Throughout American history, there’s been a class of African-Americans who served as diplomats between the Black masses and the white power structure. They articulated the wishes of Blacks in non-threatening language that flattered white benefactors into offering their patronage, then explained to downtrodden Blacks the rules and conditions under which that patronage would be given.
Much like that “good white man” in the days of Jim Crow, there’s a white donor lobby that demands to be flattered but doesn’t want to get too close to the pain-or the people-they claim to want to help. This is where the “negro whisperer” comes in. The negro whisperer is modern version of the racial diplomat, and their business model is giving Black people the feeling that someone’s working on their behalf, while making white people feel good enough about themselves to open their wallets. If you do that well, the doors of the cable news guest appearance and speaking engagement worlds open wide for you. So long as you stay on message. In the protest economy, the raw anger of the victimized is sanitized and when it materializes, both the white donor and the negro whisperer are uncomfortable, because both are removed from the reality of struggle.
In the 6 years since the killing of Trayvon Martin, technology and social media creates immediate mass awareness of nearly every incident of institutionalized American anti-Blackness. It has also created a new social hierarchy, a class of people who became famous through protesting police brutality. Many of whom were able to parlay that skill into lucrative outcomes, whether that be large corporate donations, awards, or becoming recognized authorities on Black suffering. In the wake of that, the question being asked is who do they help, and how do they benefit the communities they people claim to represent?
While it’s true that social justice work can and should be done on many levels, any action must center the people on the ground and their reality or it can become a circular path of opportunism and self-congratulation. There’s also an elitist attitude in modern protest about who is qualified to speak. On social media, in the press and in policy circles, the only respected voice is the college educated academic who condescends to mix with the masses because it looks good on a resume, but really only respects and listens to people in their immediate social circle. This has created a careerist version of the high school clique, with all the petty jealousy, uniformity of thought, and bullying that high school cliques are famous for.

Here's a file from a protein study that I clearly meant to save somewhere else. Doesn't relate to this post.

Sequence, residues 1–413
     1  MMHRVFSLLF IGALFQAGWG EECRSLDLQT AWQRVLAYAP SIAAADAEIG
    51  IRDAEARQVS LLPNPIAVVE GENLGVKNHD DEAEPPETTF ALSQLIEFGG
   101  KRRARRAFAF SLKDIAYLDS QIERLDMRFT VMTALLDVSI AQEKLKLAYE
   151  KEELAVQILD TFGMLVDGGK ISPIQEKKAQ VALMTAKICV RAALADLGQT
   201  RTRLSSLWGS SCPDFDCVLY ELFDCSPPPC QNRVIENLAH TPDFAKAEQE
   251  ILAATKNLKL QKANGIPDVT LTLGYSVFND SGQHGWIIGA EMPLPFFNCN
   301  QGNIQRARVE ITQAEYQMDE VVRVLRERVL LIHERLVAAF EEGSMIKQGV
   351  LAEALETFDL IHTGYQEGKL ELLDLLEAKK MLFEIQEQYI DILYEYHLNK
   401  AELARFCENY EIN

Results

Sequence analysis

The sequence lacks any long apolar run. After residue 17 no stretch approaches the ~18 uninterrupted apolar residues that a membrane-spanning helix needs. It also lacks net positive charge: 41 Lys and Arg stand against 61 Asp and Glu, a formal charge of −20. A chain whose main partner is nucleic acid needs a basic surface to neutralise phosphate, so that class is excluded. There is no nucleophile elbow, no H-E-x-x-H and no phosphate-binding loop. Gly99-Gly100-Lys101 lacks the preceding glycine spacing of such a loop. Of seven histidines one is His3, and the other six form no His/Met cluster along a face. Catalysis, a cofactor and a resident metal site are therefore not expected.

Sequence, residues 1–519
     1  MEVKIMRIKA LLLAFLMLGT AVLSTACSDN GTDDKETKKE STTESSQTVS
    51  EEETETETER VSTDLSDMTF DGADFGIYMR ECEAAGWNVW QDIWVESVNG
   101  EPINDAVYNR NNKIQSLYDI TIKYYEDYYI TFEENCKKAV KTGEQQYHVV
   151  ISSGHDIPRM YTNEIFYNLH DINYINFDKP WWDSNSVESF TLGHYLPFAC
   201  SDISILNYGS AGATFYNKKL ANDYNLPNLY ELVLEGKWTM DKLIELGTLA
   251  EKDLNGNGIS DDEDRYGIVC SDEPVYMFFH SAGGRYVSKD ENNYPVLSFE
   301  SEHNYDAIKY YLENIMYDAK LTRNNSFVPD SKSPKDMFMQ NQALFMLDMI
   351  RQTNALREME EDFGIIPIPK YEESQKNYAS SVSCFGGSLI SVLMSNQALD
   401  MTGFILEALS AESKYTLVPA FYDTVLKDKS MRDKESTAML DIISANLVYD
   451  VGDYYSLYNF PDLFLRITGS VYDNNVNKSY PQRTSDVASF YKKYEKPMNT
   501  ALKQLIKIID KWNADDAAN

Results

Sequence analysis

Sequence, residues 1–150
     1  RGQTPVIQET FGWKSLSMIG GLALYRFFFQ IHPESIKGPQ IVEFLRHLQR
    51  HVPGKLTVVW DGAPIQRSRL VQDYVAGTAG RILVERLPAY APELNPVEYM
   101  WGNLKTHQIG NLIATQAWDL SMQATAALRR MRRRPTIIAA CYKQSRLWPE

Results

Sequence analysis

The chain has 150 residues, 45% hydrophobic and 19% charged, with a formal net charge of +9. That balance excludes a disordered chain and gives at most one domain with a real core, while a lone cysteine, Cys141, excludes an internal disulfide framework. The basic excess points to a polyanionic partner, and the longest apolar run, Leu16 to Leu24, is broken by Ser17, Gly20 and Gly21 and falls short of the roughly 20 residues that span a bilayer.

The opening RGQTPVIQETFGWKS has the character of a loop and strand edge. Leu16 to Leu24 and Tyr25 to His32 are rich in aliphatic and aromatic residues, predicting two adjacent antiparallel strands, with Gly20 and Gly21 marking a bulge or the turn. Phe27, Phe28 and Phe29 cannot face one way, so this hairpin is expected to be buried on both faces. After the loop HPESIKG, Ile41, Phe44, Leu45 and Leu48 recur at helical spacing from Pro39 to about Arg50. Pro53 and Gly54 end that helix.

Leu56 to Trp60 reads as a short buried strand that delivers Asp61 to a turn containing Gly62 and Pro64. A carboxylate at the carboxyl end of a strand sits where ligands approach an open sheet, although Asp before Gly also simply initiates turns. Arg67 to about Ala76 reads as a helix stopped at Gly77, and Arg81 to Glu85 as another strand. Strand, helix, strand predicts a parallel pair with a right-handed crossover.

The list of grassroots organizers marginalized by this process is a long one. It’s what happened to Stevante Clark, Erica Garner, Darren Seals, and may now be happening to Stephen Jackson, whenever Black people from working class backgrounds directly address the individuals representing the political systems they felt are responsible for their conditions. Through their words and actions, they spoke truth to power and upset the idea that justice for Black people could be accomplished through obscure jargon and abstract academic theories. That approach was never going to endear them to the protest economy and for their efforts, they were rewarded with ostracism, ridicule, and in some cases, death.
Imagine how it must feel being forced out of a conversation about your community by people who wouldn’t be there without the risk you endured to bring the conditions in your community to light?
It’s reminiscent of the conflict that happened around the emergence of the Black Power movement. The polished approach of earlier civil rights leaders was forced to make room for the angry, militant voices rising out of southern towns and northern ghettos demanding to be heard. Many old guard activists were hostile to those voices, but they had to listen and adapt, or be made obsolete.
Marginalized Black people don’t need interpreters, they need to be heard. And people who truly want to help them must first listen to them. Poor and working-class Black folks are tired of being played and are demanding results from people claiming to do things in their name. That demand is only going to get louder, and it’s going to shock a lot of people who are secure in their self-righteousness.
This essay was originally published in 2018 in a longer form. It was edited and updated to reflect the current sociopolitical climate and upcoming election cycle. -Ed.